That the complaint be amended to allege that respondent failed to furnish to each of its employees, employment and a place of employment which were free from recognized hazards which were causing or likely to cause death or serious physical harm to its employees, in that an employee working on the edge of a roof 32 feet above ground level who was not protected by standard guardrails or the equivalent was exposed to the hazardous condition of falling 32 feet from said roof to ground level and was not protected by personal protective equipment, to wit, a safety belt, lanyard and life line or safety nets in violation of section 5(a)(1) of the Act. Section 5(a)(2) of the Act and the standards at 29 CFR 1926.28(a) and (b), 29 CFR 1926.104 and 29 CFR 1926.105(a) and (b) and 29 CFR [*12] 1926.500(d)(1) were also alleged by said proposed amendment to be violated. Said motion also prayed that paragraph IV of the complaint be stricken. Paragraph IV of the complaint alleged violations of standard 29 CFR 1926.500(d)(1) and 29 CFR 1926.500(f)(1).

This Judge entered an order ruling upon said motion to amend, ruling as follows:

The complainant's application to strike Paragraph IV of the complaint was granted, the motion of the complainant to amend the complaint so as to incorporate therein a new paragraph IV as set forth in the motion to amend the complaint and alleging the violations of section 5(a)(1) of the Act and the above-cited standards set forth in said motion to amend was granted except insofar as the complainant sought to allege violations of section 5(a)(1) and standard 29 CFR 1926.28(a) and (b). The complainant's motion to amend paragraph IV of the complaint so as to allege violations of section 5(a)(1) of the Act and standard 29 CFR 1926.28(a) and (b) was denied.

The respondent thereupon filed a motion for re-hearing and reconsideration of the rulings of the Judge as to said motion to reconsider and extensive oral arguments were made at the hearing [*13] of the case. After due consideration of briefs and oral arguments, this Judge concluded that his original decision on said motion to amend was in some respects in error and amended his prior ruling as follows:

The denial of the motion to amend so as to allege section 5(a)(1) of the Act was reversed and this Judge ruled that the amendment was allowed as to allegations of violation of section 5(a)(1). The motion to amend so as to allege a serious violation of standard 29 CFR 1926.28(a) and (b) was granted. The previous ruling was amended so as to deny the motion to amend and allege violation of standard 29 CFR 1926.104. The order permitting amendment to allege violation of standard 29 CFR 1926.105(a) and (b) remained in effect.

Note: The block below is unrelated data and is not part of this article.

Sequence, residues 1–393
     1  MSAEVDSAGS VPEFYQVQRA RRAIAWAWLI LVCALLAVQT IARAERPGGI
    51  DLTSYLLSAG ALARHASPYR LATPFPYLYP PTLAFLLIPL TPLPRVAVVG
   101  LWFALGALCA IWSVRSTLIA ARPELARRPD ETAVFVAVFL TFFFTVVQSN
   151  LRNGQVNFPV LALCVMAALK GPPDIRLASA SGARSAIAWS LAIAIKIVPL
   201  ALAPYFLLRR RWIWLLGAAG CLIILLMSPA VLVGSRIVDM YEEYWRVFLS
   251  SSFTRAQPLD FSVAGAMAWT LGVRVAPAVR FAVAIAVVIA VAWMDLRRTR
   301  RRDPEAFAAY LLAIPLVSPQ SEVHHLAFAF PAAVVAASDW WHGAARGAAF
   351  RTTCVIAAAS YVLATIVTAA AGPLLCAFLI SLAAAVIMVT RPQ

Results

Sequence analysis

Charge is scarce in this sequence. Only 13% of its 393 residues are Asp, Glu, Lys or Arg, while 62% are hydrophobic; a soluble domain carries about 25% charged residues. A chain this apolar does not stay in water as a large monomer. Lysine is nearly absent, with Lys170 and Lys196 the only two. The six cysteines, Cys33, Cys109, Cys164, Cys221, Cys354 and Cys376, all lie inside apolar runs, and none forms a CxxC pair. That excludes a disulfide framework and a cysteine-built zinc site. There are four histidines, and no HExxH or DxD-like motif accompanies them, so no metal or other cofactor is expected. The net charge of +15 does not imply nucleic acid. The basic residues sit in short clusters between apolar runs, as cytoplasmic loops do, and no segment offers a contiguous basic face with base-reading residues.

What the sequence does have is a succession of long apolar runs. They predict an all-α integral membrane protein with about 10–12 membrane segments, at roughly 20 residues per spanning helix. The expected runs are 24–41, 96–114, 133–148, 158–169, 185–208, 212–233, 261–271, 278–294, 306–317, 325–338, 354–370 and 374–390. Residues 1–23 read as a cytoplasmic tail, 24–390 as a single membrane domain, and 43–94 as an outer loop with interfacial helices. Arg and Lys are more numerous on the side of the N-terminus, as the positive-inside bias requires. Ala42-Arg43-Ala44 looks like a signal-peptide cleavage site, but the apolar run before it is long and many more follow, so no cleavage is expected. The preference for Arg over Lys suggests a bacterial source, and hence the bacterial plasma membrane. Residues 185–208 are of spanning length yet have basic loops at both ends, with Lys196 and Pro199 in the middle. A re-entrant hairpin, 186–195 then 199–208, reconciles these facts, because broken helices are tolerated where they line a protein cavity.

The respondent also filed a motion to dismiss and for summary judgment requesting that the allegations as to section 29 CFR 1926.500(d)(1) be dismissed on the ground that the complainant has not from a legal standpoint stated violation of that section. It was alleged that said section applies to a platform and that the area from which the employee was working at the case at bar was a roof and that it has been held that a roof and a platform are not one [*14] and the same. This motion to dismiss was granted on the ground that the standard referred to a platform and not a roof and that the allegation of the citation and complaint described the area as a roof and therefore, as a matter of law, the standard had no applicability to this case. The allegations of violation of standard 29 CFR 1926.500(d)(1) were, therefore, dismissed and stricken from the complaint.

Both parties have submitted briefs in this cause and in said briefs reargue their positions with reference to all of said requested amendments. This Judge has carefully reconsidered his ruling with reference to said motion to dismiss and for summary judgment and has carefully considered the arguments and authorities cited in the briefs. The ruling of the Judge as to said motions will appear below in this decision.

ISSUES IN THE CASE

The issues for determination are as follows: